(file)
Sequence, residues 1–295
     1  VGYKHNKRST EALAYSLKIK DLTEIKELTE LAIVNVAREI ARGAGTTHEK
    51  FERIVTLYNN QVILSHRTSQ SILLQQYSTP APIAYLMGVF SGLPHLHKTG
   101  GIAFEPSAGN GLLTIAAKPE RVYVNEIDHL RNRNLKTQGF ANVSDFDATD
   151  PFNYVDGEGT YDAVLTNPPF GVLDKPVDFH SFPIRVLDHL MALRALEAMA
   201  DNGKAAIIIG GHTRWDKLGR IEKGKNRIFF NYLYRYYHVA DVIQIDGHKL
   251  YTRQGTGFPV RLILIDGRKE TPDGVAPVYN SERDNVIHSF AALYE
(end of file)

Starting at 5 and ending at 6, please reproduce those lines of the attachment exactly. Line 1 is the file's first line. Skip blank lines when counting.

   151  PFNYVDGEGT YDAVLTNPPF GVLDKPVDFH SFPIRVLDHL MALRALEAMA
   201  DNGKAAIIIG GHTRWDKLGR IEKGKNRIFF NYLYRYYHVA DVIQIDGHKL